-Bandera
Hey, no fair. OP is asking about new technology bikes, and you respond with a steel Mercian, the king of bikes, as beautiful and competent a bike as has ever been built. Like comparing amateurs to a pro. Different league. OP doesn't want a real endurance bike, he wants a carbon endurance bike. Try to stay focused on the topic.

Seriously, I really don't know how wonderful the Mercian is. I just know that those people have been building, comfortable, gorgeous steel bikes since the beginning of time. I have always wanted one, but just never gotten around to it. Shame on me.
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Old 01-01-15, 07:36 AM
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I have a BMC GF01. It is really swell, it was a game-changer for me. First full year of cycling and I've ridden ten 100+ mile rides on it, including a double century. Lots of climbing type rides. Such a perfect bike for me that I call it the Magic Bike.

Downsides are that its expensive and there are limited BMC dealers, so for me I have an hour plus drive to get to a dealer (and BMC does not work directly with customers in any way, all goes through a deal, even small parts).
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Old 01-01-15, 08:03 AM
  #24  
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Originally Posted by Campag4life View Post
No. The Domane has a split personality and not a very good design. This is my opinion. The bike is inordinantly harsh in front and soft and springy in back. It feels disconnected. OP, a better bike is the Emonda if you like Treks. I don't like the one bolt seat mast on any Trek and why I stay away.

To me, the best endurance bike is the Roubaix but not the latest SL4 which has a very stiff rear triangle. It rides more like a Tarmac. So I like the SL3 Roubaix.

The big discriminator for me is the crappy seat posts that come on many bikes including the Domane and Cannondale. Specialized puts a std. 27.2 diameter post on their bikes other than the Venge which allows you to run the post you prefer which for me is a 2 bolt post with the setback I prefer.

I believe the SL5 Roubaix will be the bike to get as no doubt they will tame the rear triangle stiffness. Similarly, I suspect that Trek will resolve the front end harshness of the Domane by incorporating what they did with the Emonda which gives the bike what many describe as a magic carpet ride.

Btw, OP...a bike to consider if you are a speed guy is a S2 or S3 Cervelo. It has the ride of an endurance bike...or close to it, but is very aerodynamic and the geometry won't break your back. A great bike...but also has a crappy proprietary one bolt seat clamp which is also a shame.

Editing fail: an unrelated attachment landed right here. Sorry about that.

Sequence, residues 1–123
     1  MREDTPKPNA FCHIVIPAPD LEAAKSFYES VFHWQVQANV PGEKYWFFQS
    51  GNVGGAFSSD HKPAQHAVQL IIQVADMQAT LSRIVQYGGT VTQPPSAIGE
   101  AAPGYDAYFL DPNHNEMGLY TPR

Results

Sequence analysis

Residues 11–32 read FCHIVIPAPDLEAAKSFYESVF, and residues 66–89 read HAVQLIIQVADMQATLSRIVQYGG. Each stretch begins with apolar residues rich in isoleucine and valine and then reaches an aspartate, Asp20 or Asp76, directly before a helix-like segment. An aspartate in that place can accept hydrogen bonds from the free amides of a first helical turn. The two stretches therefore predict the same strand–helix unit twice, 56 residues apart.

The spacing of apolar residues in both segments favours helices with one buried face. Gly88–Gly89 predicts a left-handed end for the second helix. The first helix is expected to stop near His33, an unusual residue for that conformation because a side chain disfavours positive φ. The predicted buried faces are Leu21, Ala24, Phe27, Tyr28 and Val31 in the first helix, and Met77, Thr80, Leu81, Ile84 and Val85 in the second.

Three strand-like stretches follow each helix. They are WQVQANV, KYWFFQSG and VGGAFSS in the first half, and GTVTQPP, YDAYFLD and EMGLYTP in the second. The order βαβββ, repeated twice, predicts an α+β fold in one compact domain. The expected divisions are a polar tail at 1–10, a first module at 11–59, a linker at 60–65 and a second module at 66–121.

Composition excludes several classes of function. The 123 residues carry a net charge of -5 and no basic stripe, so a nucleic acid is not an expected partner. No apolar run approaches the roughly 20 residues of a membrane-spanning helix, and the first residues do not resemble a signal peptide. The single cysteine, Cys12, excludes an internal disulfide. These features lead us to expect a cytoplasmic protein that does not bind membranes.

PS: what Paul stated above about the Roubaix being twitchy is absurd. It is 'thee' most stable handling bike I have ever ridden including high speed descending. The bike handles like it is on rails and every test review says the same thing.

Spesh Engineer's review of the SL4 Roubaix...every inch of the bike is thoughtfully designed:
https://www.youtube.com/watch?v=8YfP70Na6ws
Each to his own, but the number of Domanes sold would say your opinion is minority by far. Domanes have outsold all other Endurance frames out there. I do agree with you on the Emonda it is also an excellent frame, I own both and you can't go wrong with either in my opinion. As for single bolt seat clamp, I have never owned a bike with more than one bolt seat clamp. At 6' 215 lbs I have never had a seat tube or mast move on me yet. Two nuts is preferable just above the seat mast/tube for sure.
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Old 01-01-15, 08:56 AM
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Originally Posted by Up North View Post
Each to his own, but the number of Domanes sold would say your opinion is minority by far. Domanes have outsold all other Endurance frames out there. I do agree with you on the Emonda it is also an excellent frame, I own both and you can't go wrong with either in my opinion. As for single bolt seat clamp, I have never owned a bike with more than one bolt seat clamp. At 6' 215 lbs I have never had a seat tube or mast move on me yet. Two nuts is preferable just above the seat mast/tube for sure.
I could be wrong but I think he is referring to where the saddle attaches to the post not the clamp on the frame.